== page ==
Public or Private School?

Which provides better opportunities for your child, public or private school?
My son will be going into kindergarten this year. I've already registered him in the local school system, but my mother-in-law has been pressuring me to homeschool my son or to send him to a private Montessori school. How do I know I'm making the right decision for my son?
Do some homework on the schools in your area so that you can meet your mother-in-law's arguments with facts. Visit the elementary school your son will attend and ask for any brochures that describe its test scores. The school system's central office should be able to furnish you with test scores of all the schools so that you can compare your son's school with others. Visit the kindergarten classrooms and talk with the teachers so that you can tell your mother-in-law about the resources and opportunities available to him there.

Visit the Montessori school in your area as well. Ask about the success that its students have experienced when they have moved on to other schools. Visit the classrooms, ask for any printed information about the Montessori approach, and find out about the resources and opportunities your son will find there.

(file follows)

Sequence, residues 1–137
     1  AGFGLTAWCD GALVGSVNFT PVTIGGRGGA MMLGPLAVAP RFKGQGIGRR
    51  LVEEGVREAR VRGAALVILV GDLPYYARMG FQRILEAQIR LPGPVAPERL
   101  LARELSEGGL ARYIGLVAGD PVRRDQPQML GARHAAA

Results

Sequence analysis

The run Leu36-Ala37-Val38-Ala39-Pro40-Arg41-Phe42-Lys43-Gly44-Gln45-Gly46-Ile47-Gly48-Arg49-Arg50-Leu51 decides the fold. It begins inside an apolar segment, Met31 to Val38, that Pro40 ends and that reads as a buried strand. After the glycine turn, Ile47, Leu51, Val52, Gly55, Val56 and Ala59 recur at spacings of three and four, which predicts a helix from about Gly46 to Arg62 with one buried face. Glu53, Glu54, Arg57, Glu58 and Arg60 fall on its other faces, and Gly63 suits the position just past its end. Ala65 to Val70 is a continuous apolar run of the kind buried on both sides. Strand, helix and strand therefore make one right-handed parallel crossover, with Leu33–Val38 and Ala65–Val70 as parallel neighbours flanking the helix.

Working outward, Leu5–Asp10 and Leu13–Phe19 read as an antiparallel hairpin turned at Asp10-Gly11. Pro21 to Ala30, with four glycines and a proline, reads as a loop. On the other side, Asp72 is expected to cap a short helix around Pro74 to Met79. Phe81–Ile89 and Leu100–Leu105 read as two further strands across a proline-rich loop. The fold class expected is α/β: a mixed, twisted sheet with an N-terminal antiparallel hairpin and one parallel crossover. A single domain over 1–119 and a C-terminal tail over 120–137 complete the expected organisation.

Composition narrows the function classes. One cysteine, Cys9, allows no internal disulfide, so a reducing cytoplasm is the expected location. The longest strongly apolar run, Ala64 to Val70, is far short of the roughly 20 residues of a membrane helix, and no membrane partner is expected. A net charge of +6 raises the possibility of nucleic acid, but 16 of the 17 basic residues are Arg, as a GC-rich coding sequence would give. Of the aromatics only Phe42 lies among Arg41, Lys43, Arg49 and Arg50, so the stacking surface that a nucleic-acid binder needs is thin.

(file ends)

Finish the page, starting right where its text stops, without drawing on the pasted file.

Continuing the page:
Many people believe strongly in homeschooling, and there may be a homeschool group in your community for parents who participate. The most successful homeschools are the ones that follow a curriculum on a regular and consistent basis. The biggest drawback to homeschools is the lack of socialization available for the children; a community group for homeschooling parents can help address that issue so that the children have opportunities to get together for joint projects.

If you feel sure that your decision is the right one for your son, stick with it. You may find it easier to convince your mother-in-law, however, if she sees that you have listened to her and investigated all of the possibilities available for your son.

Barbara Potts has worked as an elementary school counselor for many years. She has a BA in psychology from Wake Forest University, and an M.Ed. in Guidance and Counseling from the University of North Carolina at Greensboro.

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